The Role of Mustafa Kemal Ataturk in the Recent History of Turkey

Essay, 2017

13 Pages



The defeat of Germany, on the side of which the Ottoman Empire fought, in the First World War, the military setbacks, and discontent in the country, and, finally, the surrender of Turkey in October 1918 put an end to the power of the Young Turks, who defended the integrity of the empire. The Allies annexed all of its external possessions. The question arose what post-war Turkey should be. In these difficult days, the Turkish people, led by new leaders, whose main goal was the independence of all Turkey, took over the decision of the issue. On the wave of national-patriotic upsurge in April 1920, in Ankara, a new Majlis was elected - the Grand National Assembly of Turkey. The chairman of the Assembly was Mustafa Kemal Pasha (known as Ataturk), who proclaimed the new body the only legitimate authority in Turkey.

The problem of the role of Kemal Ataturk in the recent history of Turkey has long attracted the attention of orientalists by its relevance, complexity, and versatility. However, it is especially noteworthy that, at a critical stage in the development of the Turkish state, Kemal Ataturk found the strength, courage, and talent to re-evaluate the role of his country in the world history, lead the struggle for national liberation and independent development of Turkey. Thanks to this, Ataturk eliminated the caliphate, was the first among the Turks who turn views towards civilizational Europe, and, taking advantage of the fact that the country is fighting for national liberation, ended the Sharia, the sultanate, and the caliphate, intensified the policy of Westernization, managed to convince the Turks that the secular nature of the state with a careful attitude to the traditions of Islam is the guarantee of the country's further well-being. He is regarded as a person who sought to turn Turkey to Western culture. Thanks to him, Turkey has become the only Islamic country that has embarked on the path of democratic development and acceptance of the values of Western civilization.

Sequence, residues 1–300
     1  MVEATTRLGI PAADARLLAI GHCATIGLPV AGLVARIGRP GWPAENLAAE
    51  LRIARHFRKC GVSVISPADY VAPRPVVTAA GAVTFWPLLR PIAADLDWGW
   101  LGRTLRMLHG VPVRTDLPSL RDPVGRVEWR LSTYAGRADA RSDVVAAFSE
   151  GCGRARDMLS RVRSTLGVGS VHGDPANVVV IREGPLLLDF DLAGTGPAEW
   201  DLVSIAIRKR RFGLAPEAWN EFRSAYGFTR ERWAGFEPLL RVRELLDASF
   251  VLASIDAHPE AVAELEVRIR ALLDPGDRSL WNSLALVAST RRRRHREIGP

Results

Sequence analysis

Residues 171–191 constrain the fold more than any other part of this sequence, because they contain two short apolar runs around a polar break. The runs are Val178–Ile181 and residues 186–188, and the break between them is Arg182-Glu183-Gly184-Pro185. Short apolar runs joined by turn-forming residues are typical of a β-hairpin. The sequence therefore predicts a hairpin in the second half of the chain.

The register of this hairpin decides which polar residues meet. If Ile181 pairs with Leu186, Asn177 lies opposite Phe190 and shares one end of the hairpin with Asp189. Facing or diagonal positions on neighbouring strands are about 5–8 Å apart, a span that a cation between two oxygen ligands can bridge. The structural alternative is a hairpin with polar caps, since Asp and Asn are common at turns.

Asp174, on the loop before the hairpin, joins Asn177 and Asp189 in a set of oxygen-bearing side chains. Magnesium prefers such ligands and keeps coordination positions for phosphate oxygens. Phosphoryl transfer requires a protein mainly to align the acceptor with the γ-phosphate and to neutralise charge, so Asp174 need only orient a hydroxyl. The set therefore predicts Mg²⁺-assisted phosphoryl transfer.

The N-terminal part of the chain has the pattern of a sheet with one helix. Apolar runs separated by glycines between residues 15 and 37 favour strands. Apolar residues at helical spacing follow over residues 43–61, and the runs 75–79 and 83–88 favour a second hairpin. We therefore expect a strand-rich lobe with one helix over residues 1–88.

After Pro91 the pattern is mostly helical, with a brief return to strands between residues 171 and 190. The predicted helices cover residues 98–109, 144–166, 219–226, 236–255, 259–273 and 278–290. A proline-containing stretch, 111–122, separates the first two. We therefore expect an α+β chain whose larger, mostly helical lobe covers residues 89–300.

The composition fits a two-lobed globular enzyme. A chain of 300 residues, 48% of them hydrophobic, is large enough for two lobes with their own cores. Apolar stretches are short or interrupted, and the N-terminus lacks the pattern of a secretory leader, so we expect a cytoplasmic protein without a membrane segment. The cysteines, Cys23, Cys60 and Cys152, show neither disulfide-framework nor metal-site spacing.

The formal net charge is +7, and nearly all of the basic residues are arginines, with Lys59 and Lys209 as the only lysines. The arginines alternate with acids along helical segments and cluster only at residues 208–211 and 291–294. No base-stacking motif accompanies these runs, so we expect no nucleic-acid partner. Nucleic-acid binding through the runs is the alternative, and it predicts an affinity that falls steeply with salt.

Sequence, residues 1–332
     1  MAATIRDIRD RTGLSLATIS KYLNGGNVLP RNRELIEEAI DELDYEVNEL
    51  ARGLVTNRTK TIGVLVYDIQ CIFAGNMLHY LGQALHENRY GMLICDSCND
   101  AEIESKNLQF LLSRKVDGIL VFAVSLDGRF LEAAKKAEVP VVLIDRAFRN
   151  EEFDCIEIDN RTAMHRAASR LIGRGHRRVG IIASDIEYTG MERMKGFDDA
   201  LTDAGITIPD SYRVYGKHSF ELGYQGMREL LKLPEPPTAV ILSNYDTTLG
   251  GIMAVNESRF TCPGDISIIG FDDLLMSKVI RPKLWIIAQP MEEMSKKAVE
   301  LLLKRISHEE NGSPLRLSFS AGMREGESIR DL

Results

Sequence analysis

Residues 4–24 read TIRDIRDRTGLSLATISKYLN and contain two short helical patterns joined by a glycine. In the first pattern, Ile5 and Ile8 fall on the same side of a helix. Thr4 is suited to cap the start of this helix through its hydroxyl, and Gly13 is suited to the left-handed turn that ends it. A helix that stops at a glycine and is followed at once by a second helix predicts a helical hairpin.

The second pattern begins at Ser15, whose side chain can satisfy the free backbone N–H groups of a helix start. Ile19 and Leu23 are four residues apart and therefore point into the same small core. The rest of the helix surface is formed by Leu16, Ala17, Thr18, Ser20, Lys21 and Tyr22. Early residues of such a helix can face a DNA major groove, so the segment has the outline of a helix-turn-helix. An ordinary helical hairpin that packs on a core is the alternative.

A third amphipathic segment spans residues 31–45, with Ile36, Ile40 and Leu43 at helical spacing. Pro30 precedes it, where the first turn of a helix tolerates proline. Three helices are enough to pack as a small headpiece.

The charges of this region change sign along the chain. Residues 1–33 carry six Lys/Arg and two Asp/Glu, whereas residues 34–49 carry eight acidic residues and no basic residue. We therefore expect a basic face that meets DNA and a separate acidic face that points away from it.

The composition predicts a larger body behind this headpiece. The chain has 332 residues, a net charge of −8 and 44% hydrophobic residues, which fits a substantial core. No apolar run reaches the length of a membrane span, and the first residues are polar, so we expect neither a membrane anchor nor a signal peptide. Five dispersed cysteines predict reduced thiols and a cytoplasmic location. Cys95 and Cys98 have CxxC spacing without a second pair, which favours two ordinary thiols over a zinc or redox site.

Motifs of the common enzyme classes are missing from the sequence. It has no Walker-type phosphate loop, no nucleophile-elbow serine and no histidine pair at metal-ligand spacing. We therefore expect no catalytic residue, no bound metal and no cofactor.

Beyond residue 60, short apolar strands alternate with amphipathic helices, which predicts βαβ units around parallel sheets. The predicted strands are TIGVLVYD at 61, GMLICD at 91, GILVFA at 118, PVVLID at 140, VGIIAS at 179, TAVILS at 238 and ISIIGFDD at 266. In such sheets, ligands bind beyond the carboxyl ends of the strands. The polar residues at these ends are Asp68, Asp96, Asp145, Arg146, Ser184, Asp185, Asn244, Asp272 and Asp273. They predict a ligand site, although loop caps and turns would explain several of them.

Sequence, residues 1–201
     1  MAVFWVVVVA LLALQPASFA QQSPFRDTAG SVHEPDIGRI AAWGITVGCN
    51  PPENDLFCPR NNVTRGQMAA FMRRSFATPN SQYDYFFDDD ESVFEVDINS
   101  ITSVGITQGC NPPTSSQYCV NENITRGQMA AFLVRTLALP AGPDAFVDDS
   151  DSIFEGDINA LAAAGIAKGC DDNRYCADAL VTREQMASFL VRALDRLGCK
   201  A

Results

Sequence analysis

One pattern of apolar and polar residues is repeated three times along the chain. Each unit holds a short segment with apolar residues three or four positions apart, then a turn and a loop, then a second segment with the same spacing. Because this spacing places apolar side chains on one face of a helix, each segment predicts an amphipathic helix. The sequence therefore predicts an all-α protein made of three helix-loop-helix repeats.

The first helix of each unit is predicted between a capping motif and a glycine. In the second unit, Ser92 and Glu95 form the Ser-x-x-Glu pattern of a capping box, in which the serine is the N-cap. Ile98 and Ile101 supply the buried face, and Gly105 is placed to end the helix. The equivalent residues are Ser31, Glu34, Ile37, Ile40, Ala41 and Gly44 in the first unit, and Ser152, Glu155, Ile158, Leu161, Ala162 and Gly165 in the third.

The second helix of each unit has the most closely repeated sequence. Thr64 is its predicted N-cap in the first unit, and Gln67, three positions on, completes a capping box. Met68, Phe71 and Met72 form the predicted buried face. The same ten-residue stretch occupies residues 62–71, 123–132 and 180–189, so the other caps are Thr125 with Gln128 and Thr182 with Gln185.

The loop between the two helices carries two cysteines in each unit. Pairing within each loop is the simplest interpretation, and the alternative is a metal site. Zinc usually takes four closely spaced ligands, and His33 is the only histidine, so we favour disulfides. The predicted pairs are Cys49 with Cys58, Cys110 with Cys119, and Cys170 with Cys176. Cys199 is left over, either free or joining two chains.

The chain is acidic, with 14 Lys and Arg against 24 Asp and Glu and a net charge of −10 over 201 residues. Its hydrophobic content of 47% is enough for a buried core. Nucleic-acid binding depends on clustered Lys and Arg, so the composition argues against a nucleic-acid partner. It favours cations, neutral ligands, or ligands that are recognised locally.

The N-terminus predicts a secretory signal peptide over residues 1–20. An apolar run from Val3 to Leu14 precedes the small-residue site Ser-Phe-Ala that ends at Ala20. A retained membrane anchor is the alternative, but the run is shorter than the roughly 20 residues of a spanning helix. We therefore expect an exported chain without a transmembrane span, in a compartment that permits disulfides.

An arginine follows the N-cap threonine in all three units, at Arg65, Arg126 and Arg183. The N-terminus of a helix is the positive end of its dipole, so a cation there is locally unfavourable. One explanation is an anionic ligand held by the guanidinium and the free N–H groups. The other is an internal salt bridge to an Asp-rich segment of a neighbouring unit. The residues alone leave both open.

Turkey is a unique country. Unlike its Arab neighbors, the Turks managed to build a secular state. The main contribution to it was made by Mustafa Kemal, later called Ataturk, i.e., ‘father of the Turkish people.’ Mustafa Kemal Ataturk is one of the most colorful and significant characters of world history of modern times. The role of Ataturk in the history of Turkey was especially pronounced and acute in connection with the realities of today, when the process of reviewing unilateral assessments of the most important events in world history is under way.

In the new and modern history of Turkey, there is no historical personality comparable to the personality of Mustafa Kemal Ataturk, the creator and first president of the Turkish Republic. A lot of scientific works and works of art, which reflect the life and work of this talented commander, politician, and statesman, are devoted to him.

At the beginning of the 20th century, the great Ottoman Empire came very close to its decline. Its disappearance from the map of the world was only a matter of time. What will happen next, few people imagined in the empire itself, and in the rest of the world.[1] The appearance of modern Turkey, such as we know it, on the ruins of the empire was due to the activities of Ghazi Mustafa Kemal Pasha, better known namely as Mustafa Kemal Ataturk. At birth, he received the name Mustafa; the nickname Kemal (“Perfection”) he received in the military school for mathematical abilities; the name Ataturk (“Father of the Turks”) was conferred on him by the Great National Assembly of Turkey in 1934. He did not create a monarchical state but a republic. The person of Mustafa Kemal Ataturk causes fierce controversy among Muslims. Some believe that he is the savior of the Turkish nation while others accuse him of the collapse of the caliphate and the struggle against Islam.

The path of a young ambitious officer a small official, born in the family of a small officer, in the highest command of the Sultan's army, was possible thanks to personal courage, determination, mastery of the art of political intrigue, and the talent of a leader capable of rallying like-minded people, confronting the opposition, and leading a national movement.